Hello, my name is Bethany Samuelson Bannow. I am an Assistant Professor of Medicine in Hematology at Oregon Health and Science University. Today on Clot Chronicles, I will be discussing menstruation, anticoagulation, contraception, and VTE.
Something that is super important to keep in mind that, unfortunately, we often forget is that a lot of patients with clots are also having menstrual bleeding. This is for a variety of reasons, not the least of which include that some of our treatments for menstrual bleeding actually increase the risk of clots in certain populations. My job today is to talk a little bit about how we can most safely manage anticoagulation in clot patients who are also menstruators.
So, the first thing that is important to know and keep in mind is what is normal menstruation? Normal menstruation lasts about 2-7 days and it happens every 28 days, give or take a week or so. We know the median blood loss is about 53 mL, which should be a pretty small amount, but blood loss can actually become very high in the setting of anticoagulation, bleeding disorders, or other underlying issues. So, patients can become anemic, or iron deficient, or have other pretty significant barriers to their quality of life.
I always like to make sure that when I’m prescribing anticoagulation for a new clot, and when I’m following up on it, and then when I’m stopping anticoagulation, that I consider a few key things. First of all, when I’m starting anticoagulation in a patient who’s menstruating, I always ask about their menstrual history; do they have a history of heavy bleeding in the past, do they have a history of iron deficiency anemia, were they already on a contraceptive agent that perhaps contributed to this clot? Those are all things that we want to make sure we think about upfront. I always check a CBC and a ferritin at the time of starting anticoagulation to make sure that we’re not starting too in the hole, and then treat iron deficiency, of course.
The other thing that I always want to make sure that I talk about when starting anticoagulation is contraception. I think the knee-jerk reaction a lot of times is to pull away from any estrogen-containing agents because we’re worried they can cause a clot. Unfortunately, that also may be controlling the periods that we then may make worse with our anticoagulation. So, I actually allow my patients to stay on estrogen-containing contraception as long as they are on an anticoagulant. So don’t pull that away right away.
It’s also super important that patients who are on anticoagulation have good contraception to prevent unplanned pregnancies, because, of course, that does also further increase the risk of clotting, and we really want to avoid pregnancies in the setting of warfarin and other teratogenic agents. So, those are things that I think about upfront.
On follow-up visits, I always ask patients, “how are your periods; how long do they last, how long are you changing protection?” Anything more often than changing a pad or tampon every 1-2 hours qualifies as heavy menstrual bleeding, and there might need to be something done about that. So again, checking the CBC andferritin to make sure that we’re not developing iron deficiency anemia, but also talking about methods to control periods – and there are a plethora of options out there.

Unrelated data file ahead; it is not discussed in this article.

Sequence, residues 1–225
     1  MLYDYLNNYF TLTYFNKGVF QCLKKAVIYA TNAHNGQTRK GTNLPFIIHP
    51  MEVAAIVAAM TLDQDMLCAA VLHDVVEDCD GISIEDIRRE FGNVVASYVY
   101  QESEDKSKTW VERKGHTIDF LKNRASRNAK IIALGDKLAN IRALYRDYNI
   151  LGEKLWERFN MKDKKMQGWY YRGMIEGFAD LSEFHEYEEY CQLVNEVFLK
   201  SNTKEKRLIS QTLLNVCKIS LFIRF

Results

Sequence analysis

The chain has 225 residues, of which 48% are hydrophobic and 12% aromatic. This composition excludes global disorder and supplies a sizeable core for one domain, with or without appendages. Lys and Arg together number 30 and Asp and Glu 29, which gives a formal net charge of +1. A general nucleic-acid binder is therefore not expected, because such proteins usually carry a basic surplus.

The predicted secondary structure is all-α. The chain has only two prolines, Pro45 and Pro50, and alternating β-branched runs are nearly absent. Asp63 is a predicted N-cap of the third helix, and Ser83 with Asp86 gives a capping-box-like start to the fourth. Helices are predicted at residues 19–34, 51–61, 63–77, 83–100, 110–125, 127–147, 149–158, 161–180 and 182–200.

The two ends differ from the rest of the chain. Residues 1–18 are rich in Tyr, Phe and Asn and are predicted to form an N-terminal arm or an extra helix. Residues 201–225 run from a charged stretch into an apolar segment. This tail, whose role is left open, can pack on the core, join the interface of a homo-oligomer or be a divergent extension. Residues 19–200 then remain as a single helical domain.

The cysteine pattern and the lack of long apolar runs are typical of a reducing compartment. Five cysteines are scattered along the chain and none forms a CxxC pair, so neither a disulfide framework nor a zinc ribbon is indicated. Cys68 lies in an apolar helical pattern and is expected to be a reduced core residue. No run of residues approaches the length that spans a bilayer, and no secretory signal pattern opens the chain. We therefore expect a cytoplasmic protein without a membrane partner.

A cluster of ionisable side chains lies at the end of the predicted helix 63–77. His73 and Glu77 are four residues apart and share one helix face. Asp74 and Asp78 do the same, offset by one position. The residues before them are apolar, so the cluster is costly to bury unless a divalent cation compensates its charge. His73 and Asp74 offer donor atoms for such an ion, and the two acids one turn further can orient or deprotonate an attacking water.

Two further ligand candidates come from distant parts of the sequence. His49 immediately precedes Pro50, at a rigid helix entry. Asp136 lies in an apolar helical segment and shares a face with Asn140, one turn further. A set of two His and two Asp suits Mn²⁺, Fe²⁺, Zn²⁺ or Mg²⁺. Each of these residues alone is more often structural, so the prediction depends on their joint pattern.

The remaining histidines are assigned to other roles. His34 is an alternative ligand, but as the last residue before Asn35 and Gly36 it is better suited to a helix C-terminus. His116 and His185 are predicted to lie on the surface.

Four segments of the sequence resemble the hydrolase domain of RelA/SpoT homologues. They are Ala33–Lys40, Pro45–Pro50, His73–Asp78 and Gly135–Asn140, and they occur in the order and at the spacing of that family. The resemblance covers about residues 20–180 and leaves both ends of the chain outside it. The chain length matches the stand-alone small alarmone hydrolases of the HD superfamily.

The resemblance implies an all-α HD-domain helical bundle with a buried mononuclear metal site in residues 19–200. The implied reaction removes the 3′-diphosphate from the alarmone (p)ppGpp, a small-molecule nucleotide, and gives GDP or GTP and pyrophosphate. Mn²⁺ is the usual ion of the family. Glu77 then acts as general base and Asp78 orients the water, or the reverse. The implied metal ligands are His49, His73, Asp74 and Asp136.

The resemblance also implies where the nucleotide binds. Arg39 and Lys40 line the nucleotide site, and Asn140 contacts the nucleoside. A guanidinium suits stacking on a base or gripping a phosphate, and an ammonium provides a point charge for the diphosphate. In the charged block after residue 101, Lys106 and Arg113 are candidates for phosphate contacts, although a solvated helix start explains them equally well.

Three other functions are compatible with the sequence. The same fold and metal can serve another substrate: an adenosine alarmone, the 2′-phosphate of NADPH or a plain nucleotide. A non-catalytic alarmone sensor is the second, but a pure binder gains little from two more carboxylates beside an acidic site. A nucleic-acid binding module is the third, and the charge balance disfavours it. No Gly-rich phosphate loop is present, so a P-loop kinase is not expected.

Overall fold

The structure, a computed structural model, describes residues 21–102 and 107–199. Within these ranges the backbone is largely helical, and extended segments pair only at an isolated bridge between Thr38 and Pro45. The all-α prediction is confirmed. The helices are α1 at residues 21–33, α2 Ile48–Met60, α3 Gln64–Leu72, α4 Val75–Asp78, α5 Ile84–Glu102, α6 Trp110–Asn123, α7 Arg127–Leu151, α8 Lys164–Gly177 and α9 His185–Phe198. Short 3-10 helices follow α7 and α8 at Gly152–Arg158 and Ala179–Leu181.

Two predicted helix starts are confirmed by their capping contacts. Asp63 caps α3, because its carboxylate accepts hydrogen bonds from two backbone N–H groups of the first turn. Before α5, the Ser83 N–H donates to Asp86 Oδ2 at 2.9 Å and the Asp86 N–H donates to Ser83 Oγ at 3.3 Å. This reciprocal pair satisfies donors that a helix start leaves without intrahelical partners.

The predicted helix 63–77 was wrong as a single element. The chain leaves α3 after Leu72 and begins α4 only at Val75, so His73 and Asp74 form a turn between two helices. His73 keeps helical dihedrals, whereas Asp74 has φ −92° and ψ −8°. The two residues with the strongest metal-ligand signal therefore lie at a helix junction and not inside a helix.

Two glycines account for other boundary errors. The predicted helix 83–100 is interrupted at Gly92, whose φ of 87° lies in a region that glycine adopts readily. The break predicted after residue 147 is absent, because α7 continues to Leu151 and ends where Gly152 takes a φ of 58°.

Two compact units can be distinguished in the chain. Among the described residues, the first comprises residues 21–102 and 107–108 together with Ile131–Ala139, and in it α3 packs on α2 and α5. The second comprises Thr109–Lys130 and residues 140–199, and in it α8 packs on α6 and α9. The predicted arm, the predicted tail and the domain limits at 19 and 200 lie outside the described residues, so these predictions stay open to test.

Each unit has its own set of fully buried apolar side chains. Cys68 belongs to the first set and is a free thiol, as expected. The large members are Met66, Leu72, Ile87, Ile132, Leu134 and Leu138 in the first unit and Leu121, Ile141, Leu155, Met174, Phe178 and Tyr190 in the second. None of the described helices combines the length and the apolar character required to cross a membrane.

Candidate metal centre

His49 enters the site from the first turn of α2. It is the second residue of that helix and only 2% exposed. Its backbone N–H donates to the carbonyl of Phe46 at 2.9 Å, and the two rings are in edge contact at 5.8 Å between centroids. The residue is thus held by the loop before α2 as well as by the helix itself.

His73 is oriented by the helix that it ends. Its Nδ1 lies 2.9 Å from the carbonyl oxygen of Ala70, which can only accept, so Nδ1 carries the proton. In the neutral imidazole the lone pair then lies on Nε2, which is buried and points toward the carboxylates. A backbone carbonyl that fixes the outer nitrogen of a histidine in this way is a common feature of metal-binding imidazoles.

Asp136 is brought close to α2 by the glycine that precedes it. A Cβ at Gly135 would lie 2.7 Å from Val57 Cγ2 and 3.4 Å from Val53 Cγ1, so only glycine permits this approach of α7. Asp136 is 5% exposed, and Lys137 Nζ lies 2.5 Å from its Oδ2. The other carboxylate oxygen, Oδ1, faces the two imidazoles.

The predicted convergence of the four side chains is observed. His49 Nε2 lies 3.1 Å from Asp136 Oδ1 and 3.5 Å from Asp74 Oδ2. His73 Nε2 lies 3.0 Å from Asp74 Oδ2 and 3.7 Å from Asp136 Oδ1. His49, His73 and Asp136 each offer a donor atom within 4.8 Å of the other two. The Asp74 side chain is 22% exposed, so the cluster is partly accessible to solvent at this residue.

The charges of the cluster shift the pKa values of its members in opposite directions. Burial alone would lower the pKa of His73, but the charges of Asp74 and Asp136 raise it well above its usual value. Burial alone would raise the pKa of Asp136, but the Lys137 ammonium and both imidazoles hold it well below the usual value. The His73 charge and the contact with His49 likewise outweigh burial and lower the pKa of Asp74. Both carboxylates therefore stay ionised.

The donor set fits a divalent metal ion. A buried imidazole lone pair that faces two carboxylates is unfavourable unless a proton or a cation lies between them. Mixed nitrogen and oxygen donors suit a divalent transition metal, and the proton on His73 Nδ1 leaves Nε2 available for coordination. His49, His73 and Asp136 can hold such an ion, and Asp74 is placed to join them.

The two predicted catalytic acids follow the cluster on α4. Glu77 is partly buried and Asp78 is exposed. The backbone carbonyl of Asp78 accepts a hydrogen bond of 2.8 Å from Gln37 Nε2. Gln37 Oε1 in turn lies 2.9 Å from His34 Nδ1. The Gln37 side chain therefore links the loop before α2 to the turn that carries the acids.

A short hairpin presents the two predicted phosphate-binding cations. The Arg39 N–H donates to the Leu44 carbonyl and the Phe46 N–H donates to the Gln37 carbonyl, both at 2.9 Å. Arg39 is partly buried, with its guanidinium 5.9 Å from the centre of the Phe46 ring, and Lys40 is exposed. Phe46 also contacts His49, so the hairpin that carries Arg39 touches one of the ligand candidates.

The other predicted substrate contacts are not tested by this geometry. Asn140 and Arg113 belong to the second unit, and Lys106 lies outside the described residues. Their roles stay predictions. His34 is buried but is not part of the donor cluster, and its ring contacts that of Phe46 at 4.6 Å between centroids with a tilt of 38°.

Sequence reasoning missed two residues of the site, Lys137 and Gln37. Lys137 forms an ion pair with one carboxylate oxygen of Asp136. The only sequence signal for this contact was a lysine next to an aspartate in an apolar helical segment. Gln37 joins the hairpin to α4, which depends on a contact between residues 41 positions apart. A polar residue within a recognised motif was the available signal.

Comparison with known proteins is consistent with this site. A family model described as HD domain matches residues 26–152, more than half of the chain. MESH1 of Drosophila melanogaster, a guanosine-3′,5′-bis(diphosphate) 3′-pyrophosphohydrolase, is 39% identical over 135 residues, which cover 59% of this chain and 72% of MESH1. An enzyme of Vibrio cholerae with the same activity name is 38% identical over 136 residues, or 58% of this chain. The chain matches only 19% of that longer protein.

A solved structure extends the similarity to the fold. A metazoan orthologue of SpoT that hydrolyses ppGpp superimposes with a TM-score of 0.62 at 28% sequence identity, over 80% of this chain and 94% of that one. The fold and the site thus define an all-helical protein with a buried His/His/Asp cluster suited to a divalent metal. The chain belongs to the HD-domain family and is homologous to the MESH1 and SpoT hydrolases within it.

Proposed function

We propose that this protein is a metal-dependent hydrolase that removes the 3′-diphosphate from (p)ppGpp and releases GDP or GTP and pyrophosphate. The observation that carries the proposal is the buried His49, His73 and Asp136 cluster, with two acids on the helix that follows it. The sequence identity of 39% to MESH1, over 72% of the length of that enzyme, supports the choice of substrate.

My personal favorite is the levonorgestrel IUD—most commonly marketed as Mirena®—which does a fantastic job of controlling periods, extremely efficacious contraception, and also does not increase the clot risk whatsoever. However, like I mentioned on anticoagulation, the estrogen-containing contraceptives are also options, as are a variety of progestin contraceptives, including the Nexplanon®, etonogestrel implants, birth control pills, the patch, and ring. All of those are on the table as long as a patient is anticoagulated – but we want to make sure that we’re not causing our patients to hold their anticoagulation because their periods are so heavy and we’re not controlling them.
So, that’s the thing that I do when I’m having follow-up visits, and then when I’m thinking about stopping anticoagulation there’s a few other things to keep in mind. In addition to all of the above issues, I want to make sure that a patient’s been off of the estrogen-containing contraceptives for at least 1 month before I stop anticoagulation, which typically means that we’ve had a Mirena placed, or some other progestin-only contraceptive made available to manage periods and to prevent pregnancy.
We also want to do counseling about future pregnancies. Women who’ve had clots in the past are, of course, at an increased risk of clots in the future, particularly with pregnancy. So I want to make sure that a patient is well-educated on needing to let us know right away if she becomes pregnant, ideally coming to us for some preconception counseling or going to OB for preconception counseling so we can make sure that we talk about what a plan for anticoagulation would be during pregnancy. Then we want to make sure that there’s regular follow-up, again checking that CBC and ferritin to make sure that we’re avoiding iron deficiency anemia, which is one of the major complications of heavy menstrual bleeding and can really impact quality of life.
As long as we think of all those things throughout the course of anticoagulation, really we can make sure that our patients aren’t adversely affected from the anticoagulation from a uterine bleeding standpoint, or at least manage it if that does come up.
So, thank you very much for your time today. If this is something that is of interest to you or your patients, you can follow myself and my colleague, Dr. Marybec Griffin, on @DrPeriodHackers on Twitter. We have a weekly tweetorial on managing heavy menstrual bleeding, consequences of menstrual bleeding, and lots of good education there. Thank you very much and have a great day.